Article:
In his first public speech since taking over as head of Britain's eavesdropping intelligence agency last year, Jeremy Fleming said the poisoning of Sergei Skripal and his daughter in Salisbury, southern England, was "particularly stark and shocking".
He accused Russia of "not playing to the same rules" and blurring the boundaries between criminal and state activity.
Britain has blamed Russia for the attack on the Skripals while Moscow has denied any involvement. It has led to one of the biggest diplomatic crises between Russia and Western nations since the Cold War.
"You've heard it said, and I'll repeat, the attack on Sergei and Yulia Skripal in Salisbury, was the first time a nerve agent had been deployed in Europe since the Second World War," Fleming told a cyber conference in Manchester, northern England.
"That's sobering. It demonstrates how reckless Russia is prepared to be, how little the Kremlin cares for the international rules-based order, how comfortable they are at putting ordinary lives at risk."
Fleming, a former agent in Britain's MI5 domestic spy service, said the robust response from Britain and its Western allies, which led to both side expelling scores of diplomats, showed the Kremlin that "illegal acts" had consequences.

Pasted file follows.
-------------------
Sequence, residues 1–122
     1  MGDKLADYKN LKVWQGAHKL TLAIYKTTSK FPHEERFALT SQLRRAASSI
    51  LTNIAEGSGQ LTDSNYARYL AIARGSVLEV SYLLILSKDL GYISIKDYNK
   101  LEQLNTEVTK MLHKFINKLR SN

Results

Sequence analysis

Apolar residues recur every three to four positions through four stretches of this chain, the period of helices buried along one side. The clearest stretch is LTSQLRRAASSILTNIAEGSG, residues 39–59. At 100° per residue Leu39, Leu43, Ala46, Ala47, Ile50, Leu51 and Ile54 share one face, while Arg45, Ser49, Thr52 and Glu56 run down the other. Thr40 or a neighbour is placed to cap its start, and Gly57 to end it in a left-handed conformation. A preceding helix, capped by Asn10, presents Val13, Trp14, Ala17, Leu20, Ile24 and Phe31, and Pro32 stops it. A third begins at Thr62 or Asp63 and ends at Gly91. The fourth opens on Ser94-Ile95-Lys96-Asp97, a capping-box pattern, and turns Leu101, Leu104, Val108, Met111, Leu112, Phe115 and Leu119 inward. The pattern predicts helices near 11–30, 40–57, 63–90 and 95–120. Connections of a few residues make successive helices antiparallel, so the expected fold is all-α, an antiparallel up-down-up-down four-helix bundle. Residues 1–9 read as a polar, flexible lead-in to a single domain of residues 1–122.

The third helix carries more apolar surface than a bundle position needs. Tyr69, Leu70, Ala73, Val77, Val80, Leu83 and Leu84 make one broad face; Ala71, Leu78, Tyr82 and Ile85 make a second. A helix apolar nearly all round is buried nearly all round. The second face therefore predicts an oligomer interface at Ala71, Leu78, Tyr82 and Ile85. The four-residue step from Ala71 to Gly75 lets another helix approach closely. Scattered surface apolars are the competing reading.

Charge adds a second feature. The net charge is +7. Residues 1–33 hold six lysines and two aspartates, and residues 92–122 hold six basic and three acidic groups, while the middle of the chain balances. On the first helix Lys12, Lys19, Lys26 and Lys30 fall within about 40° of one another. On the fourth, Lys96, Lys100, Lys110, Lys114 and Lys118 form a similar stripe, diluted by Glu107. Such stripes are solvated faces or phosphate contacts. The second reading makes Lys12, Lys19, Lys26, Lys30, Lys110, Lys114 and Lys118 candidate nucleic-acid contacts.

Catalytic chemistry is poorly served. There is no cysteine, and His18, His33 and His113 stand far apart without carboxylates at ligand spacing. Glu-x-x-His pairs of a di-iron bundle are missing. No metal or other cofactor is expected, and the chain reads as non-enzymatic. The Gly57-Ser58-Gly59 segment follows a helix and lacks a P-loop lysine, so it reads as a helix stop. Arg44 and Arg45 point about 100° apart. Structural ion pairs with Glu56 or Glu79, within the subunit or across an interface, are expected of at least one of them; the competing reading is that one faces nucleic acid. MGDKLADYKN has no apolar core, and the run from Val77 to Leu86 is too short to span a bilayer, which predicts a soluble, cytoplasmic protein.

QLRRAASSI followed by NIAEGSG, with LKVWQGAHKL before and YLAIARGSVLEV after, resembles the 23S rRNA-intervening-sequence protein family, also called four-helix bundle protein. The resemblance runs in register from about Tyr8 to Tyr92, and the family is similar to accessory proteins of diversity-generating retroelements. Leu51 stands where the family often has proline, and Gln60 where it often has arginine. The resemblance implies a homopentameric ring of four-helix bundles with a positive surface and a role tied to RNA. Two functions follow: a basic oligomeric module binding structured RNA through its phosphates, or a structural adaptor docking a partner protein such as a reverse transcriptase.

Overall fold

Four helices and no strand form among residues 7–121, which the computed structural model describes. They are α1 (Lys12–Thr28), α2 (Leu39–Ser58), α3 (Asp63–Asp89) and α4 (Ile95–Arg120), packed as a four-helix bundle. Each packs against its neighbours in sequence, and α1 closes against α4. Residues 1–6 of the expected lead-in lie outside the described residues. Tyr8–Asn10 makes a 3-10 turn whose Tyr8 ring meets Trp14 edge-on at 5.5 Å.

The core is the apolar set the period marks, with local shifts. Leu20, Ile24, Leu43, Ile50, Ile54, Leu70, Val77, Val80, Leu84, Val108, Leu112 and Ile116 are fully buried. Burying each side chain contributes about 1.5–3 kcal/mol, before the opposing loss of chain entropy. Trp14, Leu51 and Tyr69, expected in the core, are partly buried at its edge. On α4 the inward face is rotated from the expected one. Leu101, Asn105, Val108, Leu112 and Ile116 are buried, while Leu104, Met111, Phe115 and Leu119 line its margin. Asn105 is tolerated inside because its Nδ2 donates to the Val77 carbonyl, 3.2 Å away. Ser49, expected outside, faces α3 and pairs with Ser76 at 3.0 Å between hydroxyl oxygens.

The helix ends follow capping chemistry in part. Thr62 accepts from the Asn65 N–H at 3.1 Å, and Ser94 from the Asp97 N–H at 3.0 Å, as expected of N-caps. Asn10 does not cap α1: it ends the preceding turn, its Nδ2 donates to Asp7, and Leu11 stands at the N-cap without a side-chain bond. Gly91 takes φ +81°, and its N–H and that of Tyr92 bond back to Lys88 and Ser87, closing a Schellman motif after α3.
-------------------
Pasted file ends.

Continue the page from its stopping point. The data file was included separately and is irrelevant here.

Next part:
Russia has accused Britain of trying to drum up anti-Russian sentiment, suggested the British might have carried out the attack themselves.
Fleming said Britain had for decades collected intelligence on Russian capabilities and for more than 20 years monitored their cyber threat.
"It looks like our expertise on Russia will be in increasing demand," he added. "We will continue to expose Russia's unacceptable cyber behaviour."
In his speech, Fleming also revealed that GCHQ had carried out a major cyber offensive campaign against Islamic State (IS)militants, the first time, he said, Britain had systematically and persistently degraded an enemy's efforts as part of wider action.
"These operations have made a significant contribution to the coalition's efforts to suppress their propaganda, hindered their ability to coordinate attacks and protected coalition forces on the battlefield," he said.
"In 2017 there were times when Daesh (IS) found it almost impossible to spread their hate online, to use their normal channels to spread their rhetoric, or trust their publications."
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